Ian Stedman (PhD Candidate, Osgoode Hall Law School; Fellow in AI Law & Ethics at SickKids’ Centre for Computational Medicine) highlighted SickKid’s move to integrate AI into their practice with the development of a task force to examine how data governance and policies, infrastructure, AI solutions, and ethics interacted before implementing new AI tools. Stedman stressed that data source and quality are essential because in the health sector, it is essential to ask all the right questions to make accurate conclusions and diagnoses. With clinical studies, it is much easier to access data since there is a research plan, which includes the research purpose, the targeted population, and the results the researcher hopes to observe. However, with the data that AI relies on, in order to unlock its potential value, researchers study data to find patterns. Therefore, it is difficult to ask for secondary use disclosure before the research is conducted when the researcher may not know what they are looking for. The takeaway is that regardless of the industry, harmonization and collaboration are key. There is opportunity to put data together from different sources to discover the potential of new clinical decision making tools.
What Makes a Smart City?
In Toronto, and internationally, data privacy issues have come to the forefront of public discussion due to the development of smart cities. Given the proposed Sidewalk Toronto, the collection, storage, and use of data has led to a heated debate about data governance. The Mayor of Barrie, Jeff Lehman, discussed the Municipal Innovation Exchange (MIX) project which calls upon start-ups and small organizations to develop new technologies that use data to address civic challenges. Instead of putting out a traditional municipal tender, the cities released a Request for Solutions and invited responses from the public to provide a cohesive opportunity for collaboration. In response to the issue of data localization in the Sidewalk Toronto debate, Mayor Lehman believes that consent is possible, but that the data must reside in Canada to ensure that the national government can set the rules around the data being collected. Finally, Mayor Lehman advocated for the use of Privacy Impact Assessments to evaluate the impact of new technology on privacy.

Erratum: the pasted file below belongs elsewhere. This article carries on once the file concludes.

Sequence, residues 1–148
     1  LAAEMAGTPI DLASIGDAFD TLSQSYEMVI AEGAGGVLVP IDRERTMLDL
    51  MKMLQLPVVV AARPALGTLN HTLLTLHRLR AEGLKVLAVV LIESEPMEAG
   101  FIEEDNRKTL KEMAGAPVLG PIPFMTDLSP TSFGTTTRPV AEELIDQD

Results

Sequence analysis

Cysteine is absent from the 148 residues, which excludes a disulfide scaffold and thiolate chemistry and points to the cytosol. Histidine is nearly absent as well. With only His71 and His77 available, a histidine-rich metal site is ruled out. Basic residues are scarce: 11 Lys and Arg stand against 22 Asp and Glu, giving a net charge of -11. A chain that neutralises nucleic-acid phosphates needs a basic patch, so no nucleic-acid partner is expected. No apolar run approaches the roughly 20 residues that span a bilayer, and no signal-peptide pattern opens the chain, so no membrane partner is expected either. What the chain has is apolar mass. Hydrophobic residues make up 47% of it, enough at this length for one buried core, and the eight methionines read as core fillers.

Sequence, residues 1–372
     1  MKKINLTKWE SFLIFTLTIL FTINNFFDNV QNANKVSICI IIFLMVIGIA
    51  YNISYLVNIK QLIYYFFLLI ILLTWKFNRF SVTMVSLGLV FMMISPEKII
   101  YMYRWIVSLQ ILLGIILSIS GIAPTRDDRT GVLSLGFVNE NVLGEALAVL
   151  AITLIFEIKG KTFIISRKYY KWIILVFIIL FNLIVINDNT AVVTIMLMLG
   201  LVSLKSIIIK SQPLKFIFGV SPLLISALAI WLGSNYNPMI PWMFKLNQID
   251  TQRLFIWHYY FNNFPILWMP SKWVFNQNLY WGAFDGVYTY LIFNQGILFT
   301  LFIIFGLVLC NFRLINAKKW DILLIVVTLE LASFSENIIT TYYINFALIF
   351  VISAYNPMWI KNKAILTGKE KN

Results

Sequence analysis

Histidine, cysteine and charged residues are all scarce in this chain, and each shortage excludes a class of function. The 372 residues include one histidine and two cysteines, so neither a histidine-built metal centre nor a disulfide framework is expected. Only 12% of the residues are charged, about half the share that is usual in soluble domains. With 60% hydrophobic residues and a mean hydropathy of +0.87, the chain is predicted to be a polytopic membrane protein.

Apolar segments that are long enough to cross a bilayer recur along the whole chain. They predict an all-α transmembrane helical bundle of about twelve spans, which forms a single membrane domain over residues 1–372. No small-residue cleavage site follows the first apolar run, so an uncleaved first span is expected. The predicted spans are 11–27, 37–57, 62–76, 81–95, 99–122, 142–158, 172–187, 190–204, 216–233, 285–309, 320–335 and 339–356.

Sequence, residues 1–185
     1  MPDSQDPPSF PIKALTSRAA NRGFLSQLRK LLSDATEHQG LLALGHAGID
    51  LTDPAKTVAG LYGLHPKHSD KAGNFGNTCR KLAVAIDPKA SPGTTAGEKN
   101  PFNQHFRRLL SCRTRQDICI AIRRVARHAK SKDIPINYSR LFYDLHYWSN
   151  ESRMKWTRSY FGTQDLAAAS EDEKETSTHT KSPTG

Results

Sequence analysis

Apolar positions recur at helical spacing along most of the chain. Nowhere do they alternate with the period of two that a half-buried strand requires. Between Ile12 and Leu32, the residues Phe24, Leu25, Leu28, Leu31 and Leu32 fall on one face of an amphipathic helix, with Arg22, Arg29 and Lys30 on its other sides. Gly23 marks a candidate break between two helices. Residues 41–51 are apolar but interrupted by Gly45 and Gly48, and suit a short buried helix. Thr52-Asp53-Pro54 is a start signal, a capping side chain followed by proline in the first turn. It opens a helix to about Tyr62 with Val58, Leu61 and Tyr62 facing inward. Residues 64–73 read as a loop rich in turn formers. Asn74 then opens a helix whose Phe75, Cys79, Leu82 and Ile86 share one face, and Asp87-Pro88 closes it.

Neetika Sathe (Vice President, Advanced Planning, Alectra Inc.) advocated for the importance of data policies regarding smart cities to be worked on at every level of government to develop a national data strategy. Furthermore, Sathe introduced the audience to some of Alectra’s projects and the data collection challenges associated with each. These projects included AlectraDrive (end-to-end integrated EV workplace charging pilot project), the Advantage Power Pricing Program (which collects smart meter data), and the Transactive Energy Platform (which uses a private blockchain network that limits access to data).
Natasha Tusikov (Assistant Professor, Dept. Social Science, York University; The City Institute at York University) challenged the audience to think about who should own, control and govern data related to smart cities. Prof. Tusikov discussed the issue of conflicting public and private authority, raising her concern that Waterfront Toronto is not an expert in IP, but in land development. As an example of regulating the governance of smart cities, Barcelona developed a manifesto outlining the importance of technological sovereignty and maintaining digital rights.
To close the panel discussion, John Weigelt (National Technology Officer, Microsoft Canada Inc.) spoke about the importance of solidifying the participants involved in developing a smart city and the business model we want to create. If employed correctly, AI will solve societal challenges. Municipalities and companies that can thoughtfully clarify their approach to AI first will prosper the most from its benefits.
The conference encouraged thought-provoking discussion about data governance and its implications on health and smart cities. We hope that the discussion about data collection and what we value as society continues beyond this event. Thoughtful and inclusive discussion will allow us to collectively brace for impact as AI technology continues to advance.
Written by Lauren Chan and Summer Lewis. Lauren Chan is an IPilogue editor and a business student at the University of Guelph, and Summer Lewis is an IPilogue editor and a JD candidate at Osgoode Hall Law School.